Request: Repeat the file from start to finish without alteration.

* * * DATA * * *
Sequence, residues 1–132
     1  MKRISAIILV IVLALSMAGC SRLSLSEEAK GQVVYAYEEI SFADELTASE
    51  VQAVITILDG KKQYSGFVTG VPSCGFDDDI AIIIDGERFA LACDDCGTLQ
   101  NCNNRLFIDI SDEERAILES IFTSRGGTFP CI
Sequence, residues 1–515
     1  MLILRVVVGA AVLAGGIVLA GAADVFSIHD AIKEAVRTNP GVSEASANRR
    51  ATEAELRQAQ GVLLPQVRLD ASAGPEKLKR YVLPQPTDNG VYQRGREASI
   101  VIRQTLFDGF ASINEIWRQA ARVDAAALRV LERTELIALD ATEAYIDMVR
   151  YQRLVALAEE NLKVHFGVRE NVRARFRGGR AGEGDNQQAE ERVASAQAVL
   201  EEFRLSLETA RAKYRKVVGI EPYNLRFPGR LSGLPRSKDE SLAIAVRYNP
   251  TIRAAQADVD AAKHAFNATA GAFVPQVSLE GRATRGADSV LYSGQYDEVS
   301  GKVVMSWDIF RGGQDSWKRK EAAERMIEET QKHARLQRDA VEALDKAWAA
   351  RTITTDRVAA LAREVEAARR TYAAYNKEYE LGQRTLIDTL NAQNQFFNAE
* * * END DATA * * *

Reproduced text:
Sequence, residues 1–132
     1  MKRISAIILV IVLALSMAGC SRLSLSEEAK GQVVYAYEEI SFADELTASE
    51  VQAVITILDG KKQYSGFVTG VPSCGFDDDI AIIIDGERFA LACDDCGTLQ
   101  NCNNRLFIDI SDEERAILES IFTSRGGTFP CI
Sequence, residues 1–515
     1  MLILRVVVGA AVLAGGIVLA GAADVFSIHD AIKEAVRTNP GVSEASANRR
    51  ATEAELRQAQ GVLLPQVRLD ASAGPEKLKR YVLPQPTDNG VYQRGREASI
   101  VIRQTLFDGF ASINEIWRQA ARVDAAALRV LERTELIALD ATEAYIDMVR
   151  YQRLVALAEE NLKVHFGVRE NVRARFRGGR AGEGDNQQAE ERVASAQAVL
   201  EEFRLSLETA RAKYRKVVGI EPYNLRFPGR LSGLPRSKDE SLAIAVRYNP
   251  TIRAAQADVD AAKHAFNATA GAFVPQVSLE GRATRGADSV LYSGQYDEVS
   301  GKVVMSWDIF RGGQDSWKRK EAAERMIEET QKHARLQRDA VEALDKAWAA
   351  RTITTDRVAA LAREVEAARR TYAAYNKEYE LGQRTLIDTL NAQNQFFNAE